I'm Dale, the author of Going 1099

Get off sinking ships

Published 14 days ago • 1 min read

A friend of mine works for herself as a 1099 for her previous company (outside of government contracting).

She tried negotiating an increase in her rate for the new contract period but was unsuccessful.

Her client says she submitted the budget in June for the following year and this year she was asked to cut it down.

This is not a good sign for my friend.

It's not that my friend's work is not valuable to her client. She easily outperforms the other team members.

BUT, the fact that there are budget cuts in that department is a serious issue. It likely means that segment of the business is in trouble, either financially or due to internal politics.

I advised my friend to start looking for other gigs while she still has time on this contract.

Similarly, if you are working on a project or for a government organization that seems to be underperforming or seems to be losing their influence on the parent organization, start looking for another project.

There's nothing you can really do to save the client or their organization. You can do the best you can while you're there, but you have to look out for your own interests.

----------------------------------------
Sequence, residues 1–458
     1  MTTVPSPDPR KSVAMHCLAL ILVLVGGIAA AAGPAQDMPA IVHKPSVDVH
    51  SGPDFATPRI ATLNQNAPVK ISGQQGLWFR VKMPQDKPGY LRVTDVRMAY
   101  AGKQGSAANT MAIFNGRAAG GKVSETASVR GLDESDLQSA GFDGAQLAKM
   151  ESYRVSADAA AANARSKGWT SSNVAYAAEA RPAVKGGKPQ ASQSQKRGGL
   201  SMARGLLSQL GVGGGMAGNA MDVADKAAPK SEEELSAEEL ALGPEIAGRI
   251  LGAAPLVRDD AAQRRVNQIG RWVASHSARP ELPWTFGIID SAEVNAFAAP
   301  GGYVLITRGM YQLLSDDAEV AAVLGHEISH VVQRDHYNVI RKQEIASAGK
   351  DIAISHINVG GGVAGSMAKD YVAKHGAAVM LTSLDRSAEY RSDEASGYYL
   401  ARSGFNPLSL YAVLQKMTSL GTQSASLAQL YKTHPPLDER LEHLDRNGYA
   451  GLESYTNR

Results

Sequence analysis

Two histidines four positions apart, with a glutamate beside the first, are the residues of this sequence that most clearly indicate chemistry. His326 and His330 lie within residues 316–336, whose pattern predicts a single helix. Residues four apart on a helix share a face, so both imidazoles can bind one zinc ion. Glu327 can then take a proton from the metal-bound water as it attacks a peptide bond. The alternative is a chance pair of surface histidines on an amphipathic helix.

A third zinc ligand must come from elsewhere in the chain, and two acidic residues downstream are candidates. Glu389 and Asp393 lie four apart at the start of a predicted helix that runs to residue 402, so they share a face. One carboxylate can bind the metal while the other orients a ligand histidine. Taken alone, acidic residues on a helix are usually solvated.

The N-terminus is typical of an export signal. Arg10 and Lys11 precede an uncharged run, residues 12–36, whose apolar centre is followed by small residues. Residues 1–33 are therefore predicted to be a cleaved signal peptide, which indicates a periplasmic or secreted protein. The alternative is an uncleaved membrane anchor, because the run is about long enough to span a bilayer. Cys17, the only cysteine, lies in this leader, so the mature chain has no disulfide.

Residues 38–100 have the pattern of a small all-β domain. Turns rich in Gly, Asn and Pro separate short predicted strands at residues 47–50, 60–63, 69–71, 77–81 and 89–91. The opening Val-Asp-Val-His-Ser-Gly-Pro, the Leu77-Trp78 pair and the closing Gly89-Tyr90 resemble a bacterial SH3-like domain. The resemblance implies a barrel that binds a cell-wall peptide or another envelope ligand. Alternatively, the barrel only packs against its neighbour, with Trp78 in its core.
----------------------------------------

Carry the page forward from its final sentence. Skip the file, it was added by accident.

Even if your position is safe for a while, the act of finding other projects may result in something more interesting and lucrative, and most importantly, reduce your personal risk. It's actually best practice to ALWAYS be looking for your next gig for this reason.

Remember, you can't save a sinking ship. Get out while you can.

If you're interested in learning how to get your first solo 1099 federal sub-contract, check out my book:

Going 1099: How to become a solo federal sub-contractor and gain control of your working life, earn more money and unlock more free time

I'm Dale, the author of Going 1099

Going 1099 is a book that teaches you how to become a solo federal sub-contractor and gain control of your working life, earn more money and unlock more free time. I wrote it because quite a few people have asked me how they can become a 1099. I figured it was best to write a single book that I can send them and that I can share with others who are interested. This newsletter goes out Monday - Friday and covers topics that will help you succeed in starting and maintaining successful 1099 career.

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